With the exception of very scenic areas like Bavaria and the Black Forest, we got the impression that the scenery doesn't vary a lot and is, to be honest, quite boring.  Throughout our travels the countryside was flat or gently rolling, with an awful lot of pine forests.  The main feature of the landscape was often wind turbines - presumably the Germans don't object to them on aesthetic or health grounds, like the NIMBYs in the UK!  In fact they are very ecologically aware generally, and it must be one of the most cycle-friendly countries in Europe.  Even in the centre of Berlin it would be easy to get around by bike, and there was no sign of the kind of car -versus- bike animosity so often seen in, for example, York.

However, despite all their cycling and fondness for open-air activities there are still a lot of overweight people.  This could be because the food is still pretty stodgy, with lots of meat, lots of sausages and not many vegetables.  We saw far more bakers shops than greengrocers!

Eighteen years after reunification it's not easy to see where the West used to end and the East used to begin.  There has been a lot of rebuilding and updating of facilities, and also rebuilding of historic places like Dresden.  However the suburbs of ex-GDR towns often consist of tell-tale drab concrete blocks of flats.

Contrary to expectations, by no means all Germans speak English, but you can usually get by with a few words, a dictionary and gestures!  Most of the people we met were friendly but there were quite a few grumpy or even rude ones.  I wouldn't say it was one of my favourite countries, but there are some picturesque and historic towns and cities and the Baltic coast was a pleasant surprise.  And the bread and cakes are delicious!


 We found that the campsites were generally very well-maintained and well-run, with excellent toilet blocks.  We didn't come across any unisex ones, unlike in France, and they are more likely to be fully enclosed and therefore less draughty.  It's quite common for campsites to have a rest-time between 1 and 3pm, when the gates are shut - so you have to plan your day so as not to get shut in, or out!  Many German campsites are on a lakeside.  It may only be a very small lake but will be clean and may have a small bathing beach.  Germans love lakeside activities so if you enjoy sailing, canoeing, fishing etc this is the country for you!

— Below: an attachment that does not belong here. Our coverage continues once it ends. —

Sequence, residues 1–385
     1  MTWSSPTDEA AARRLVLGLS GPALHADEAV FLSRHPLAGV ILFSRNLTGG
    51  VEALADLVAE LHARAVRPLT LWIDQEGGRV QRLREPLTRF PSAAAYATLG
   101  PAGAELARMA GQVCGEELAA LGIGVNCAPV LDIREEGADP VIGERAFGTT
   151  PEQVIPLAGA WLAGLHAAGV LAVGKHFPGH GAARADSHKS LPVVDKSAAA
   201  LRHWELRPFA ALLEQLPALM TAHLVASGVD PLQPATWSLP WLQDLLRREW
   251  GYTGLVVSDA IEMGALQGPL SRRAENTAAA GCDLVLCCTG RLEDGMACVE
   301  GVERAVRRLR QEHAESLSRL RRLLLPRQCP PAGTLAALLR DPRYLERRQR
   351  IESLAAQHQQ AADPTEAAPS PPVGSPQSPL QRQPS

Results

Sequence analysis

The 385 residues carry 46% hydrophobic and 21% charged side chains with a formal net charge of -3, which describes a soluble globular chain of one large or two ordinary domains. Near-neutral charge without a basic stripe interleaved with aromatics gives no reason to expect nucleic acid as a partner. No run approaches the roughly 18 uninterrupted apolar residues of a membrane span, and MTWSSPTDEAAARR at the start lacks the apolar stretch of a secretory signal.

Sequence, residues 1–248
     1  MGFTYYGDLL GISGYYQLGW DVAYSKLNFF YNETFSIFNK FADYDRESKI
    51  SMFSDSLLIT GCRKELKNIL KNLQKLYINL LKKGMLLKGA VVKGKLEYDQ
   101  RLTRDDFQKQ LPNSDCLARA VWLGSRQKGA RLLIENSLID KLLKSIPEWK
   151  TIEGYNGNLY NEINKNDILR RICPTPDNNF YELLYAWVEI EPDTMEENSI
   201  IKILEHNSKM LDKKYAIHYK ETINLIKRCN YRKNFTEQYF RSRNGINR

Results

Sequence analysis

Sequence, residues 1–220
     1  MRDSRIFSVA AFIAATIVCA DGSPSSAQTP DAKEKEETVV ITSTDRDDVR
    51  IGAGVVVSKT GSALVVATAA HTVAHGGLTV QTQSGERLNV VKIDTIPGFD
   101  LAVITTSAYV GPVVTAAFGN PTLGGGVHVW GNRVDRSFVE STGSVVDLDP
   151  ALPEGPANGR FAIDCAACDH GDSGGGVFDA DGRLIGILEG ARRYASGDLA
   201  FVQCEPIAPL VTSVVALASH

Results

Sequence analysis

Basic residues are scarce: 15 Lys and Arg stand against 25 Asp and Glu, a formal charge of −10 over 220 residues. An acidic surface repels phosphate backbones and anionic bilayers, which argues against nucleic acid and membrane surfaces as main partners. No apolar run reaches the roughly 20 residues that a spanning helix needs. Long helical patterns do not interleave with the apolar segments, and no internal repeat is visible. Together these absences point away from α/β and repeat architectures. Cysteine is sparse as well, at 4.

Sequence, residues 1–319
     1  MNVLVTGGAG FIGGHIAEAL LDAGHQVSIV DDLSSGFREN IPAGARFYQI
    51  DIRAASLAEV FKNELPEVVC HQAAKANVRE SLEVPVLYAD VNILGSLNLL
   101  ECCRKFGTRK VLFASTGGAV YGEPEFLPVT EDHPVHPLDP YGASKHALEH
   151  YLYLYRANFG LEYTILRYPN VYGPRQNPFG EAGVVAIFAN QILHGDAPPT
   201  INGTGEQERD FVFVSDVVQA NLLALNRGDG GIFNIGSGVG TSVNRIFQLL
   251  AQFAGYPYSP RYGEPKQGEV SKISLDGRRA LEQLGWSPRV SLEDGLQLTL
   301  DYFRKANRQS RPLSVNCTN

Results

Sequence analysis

There are not as many large supermarkets as there are in France, but numerous smaller ones such as Lidl, Aldi and Netto.  We particularly liked Familia, Plus and Rewe.  Alcohol is generally sold in a separate but adjacent shop run by the supermarket.  There didn't seem to be quite the same wide range of food that we found in France - all the cheeses seemed to be exclusively German and there are shelves and shelves of unappealing bottled vegetables and pickled gherkins!  But it is easier to find fresh milk.

Latest comments

28.12 | 08:07

I live in Nysa Poland that is south west on the cheq border.

22.12 | 20:48

Good to hear from you Liam. I recognise your name from EUnitySeahaven. Where in Poland do you live? We enjoyed what we saw, but of course it was only a small corner

22.12 | 14:43

I live in Nysa in Poland. I shall have to visit in the new year when I have my new phone.

Share this page